When you do the agreement, make sure you, the author, are explicit in what you want. I have found that if an artist is really experienced, he or she will help you with this. For instance, Wayne Scarpaci, the artist who did the painting for the hardcopy of Acts of War and the “Death of Kongo” work on my table up above, asked prescient questions that I had not even thought of about paint schemes. Justin, when I sent him what I wanted for An Unproven Concept, asked me questions about where the furniture needed to be placed and the scale of the alien cruiser based on the narrative. Anita regularly asks me questions about lighting even as I’m getting growled at for wanting “Just one more change…”. In all three cases, they help me find things that I would totally have flubbed.
If the artist is inexperienced, like other activities in life communication is key. Thus, when I say “explicit” above, I mean if having a certain shade of a color is critical to your vision then specify “teal” versus “cyan.” Also make sure that your artist knows what platforms you’re planning on putting the cover up on. Think you’re mad when they get your order wrong in the drive through? Spend $400 on a cover and find out that it can’t be uploaded on Amazon due to arcane choice the artist (who is now not returning your emails) made. (No that did not happen to me. Yes, I know of someone it happened to.) Neophyte or experten, in all cases get the master files (.tiff, high dpi .jpg) so that you’re not dependent on your cover artist’s continued mortality, sanity, or availability to fix a problem.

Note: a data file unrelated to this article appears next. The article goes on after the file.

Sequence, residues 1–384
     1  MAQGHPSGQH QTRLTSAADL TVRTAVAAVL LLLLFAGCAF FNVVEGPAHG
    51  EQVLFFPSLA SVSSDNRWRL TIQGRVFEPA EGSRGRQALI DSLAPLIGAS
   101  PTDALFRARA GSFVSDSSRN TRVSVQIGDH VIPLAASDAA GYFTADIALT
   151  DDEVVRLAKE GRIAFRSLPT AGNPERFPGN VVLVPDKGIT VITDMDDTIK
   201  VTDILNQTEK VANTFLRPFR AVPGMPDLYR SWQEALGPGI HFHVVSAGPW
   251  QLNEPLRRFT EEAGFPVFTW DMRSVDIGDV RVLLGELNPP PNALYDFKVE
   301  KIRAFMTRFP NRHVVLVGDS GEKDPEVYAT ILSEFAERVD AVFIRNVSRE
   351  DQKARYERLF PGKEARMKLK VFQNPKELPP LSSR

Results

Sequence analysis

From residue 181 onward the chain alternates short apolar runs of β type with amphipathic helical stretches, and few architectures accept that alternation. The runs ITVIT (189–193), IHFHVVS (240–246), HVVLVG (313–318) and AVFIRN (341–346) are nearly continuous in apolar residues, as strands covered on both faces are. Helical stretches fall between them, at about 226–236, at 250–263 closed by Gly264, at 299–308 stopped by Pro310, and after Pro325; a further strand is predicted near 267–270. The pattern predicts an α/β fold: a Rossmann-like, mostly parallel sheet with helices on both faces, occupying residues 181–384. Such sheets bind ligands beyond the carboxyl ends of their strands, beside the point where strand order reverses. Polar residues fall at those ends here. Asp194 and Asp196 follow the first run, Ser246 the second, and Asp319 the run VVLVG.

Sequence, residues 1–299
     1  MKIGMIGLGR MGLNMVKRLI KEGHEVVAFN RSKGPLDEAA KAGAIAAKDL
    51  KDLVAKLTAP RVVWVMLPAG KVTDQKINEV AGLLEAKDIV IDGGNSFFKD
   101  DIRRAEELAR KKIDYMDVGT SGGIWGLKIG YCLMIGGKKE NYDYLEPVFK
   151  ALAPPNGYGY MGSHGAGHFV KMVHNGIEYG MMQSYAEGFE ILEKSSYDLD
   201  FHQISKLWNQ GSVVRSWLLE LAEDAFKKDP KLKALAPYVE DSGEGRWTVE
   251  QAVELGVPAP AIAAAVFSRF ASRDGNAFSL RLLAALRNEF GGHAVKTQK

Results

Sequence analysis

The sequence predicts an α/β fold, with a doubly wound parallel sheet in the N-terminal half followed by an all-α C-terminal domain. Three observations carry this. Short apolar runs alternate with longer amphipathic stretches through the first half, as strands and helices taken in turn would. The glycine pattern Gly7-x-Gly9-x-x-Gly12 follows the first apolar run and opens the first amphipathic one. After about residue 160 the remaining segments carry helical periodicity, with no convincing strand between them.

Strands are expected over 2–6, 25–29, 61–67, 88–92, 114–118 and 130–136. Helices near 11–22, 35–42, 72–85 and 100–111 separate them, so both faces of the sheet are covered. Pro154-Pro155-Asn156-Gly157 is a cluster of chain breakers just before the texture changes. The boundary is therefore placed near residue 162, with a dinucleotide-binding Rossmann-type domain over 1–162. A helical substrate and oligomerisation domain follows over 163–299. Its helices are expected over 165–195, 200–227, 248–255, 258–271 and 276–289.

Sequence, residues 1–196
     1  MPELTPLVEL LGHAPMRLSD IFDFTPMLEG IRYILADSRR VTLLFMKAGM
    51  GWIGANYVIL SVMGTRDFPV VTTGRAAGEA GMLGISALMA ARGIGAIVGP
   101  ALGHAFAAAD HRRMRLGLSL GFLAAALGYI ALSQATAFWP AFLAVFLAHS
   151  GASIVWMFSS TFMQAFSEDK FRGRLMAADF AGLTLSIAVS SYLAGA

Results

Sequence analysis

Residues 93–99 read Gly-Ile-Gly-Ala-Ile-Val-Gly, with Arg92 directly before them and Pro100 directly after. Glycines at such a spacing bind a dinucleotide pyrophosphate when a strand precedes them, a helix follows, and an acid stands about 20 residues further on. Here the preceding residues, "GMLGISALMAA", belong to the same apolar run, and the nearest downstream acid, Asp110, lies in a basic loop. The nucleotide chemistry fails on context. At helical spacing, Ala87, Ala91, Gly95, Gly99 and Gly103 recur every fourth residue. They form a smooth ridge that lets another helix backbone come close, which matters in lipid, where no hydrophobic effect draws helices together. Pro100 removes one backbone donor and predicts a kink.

Seems like a crapload of work, doesn’t it? Well, just so you don’t have to go through this whole thing again, let me distill it into 10 takeaways:
- Budget for cover art right after you budget for an editor, and for the same reason.
- Don’t be afraid to look at alternate sources to find cheaper, but still serviceable cover art.
- People say they don’t judge a book by its cover. They lie.
- When possible, get the rights for your art.
- Networking is key. If you see another author’s cover art you like, make sure you ask them where they got it.
- A good cover artist is worth their weight in gold. Make sure you take care of your cover artists by, in the spirit of #5, telling other people about them.
- Make sure you have an idea what you want before you contact the artist, convey it clearly, then draw up an agreement that takes care of both parties.
- Remember that it’s going to be a thumbnail.
- It’s not just the picture–cover design and font choice are important.
- Genre, genre, genre–fantasy, urban fantasy, paranormal, military sci-fi, etc. are all different listings on Amazon for a reason, so plan your cover design accordingly.
Hope this was helpful. I’ll likely cover marketing next, but that may be a bit.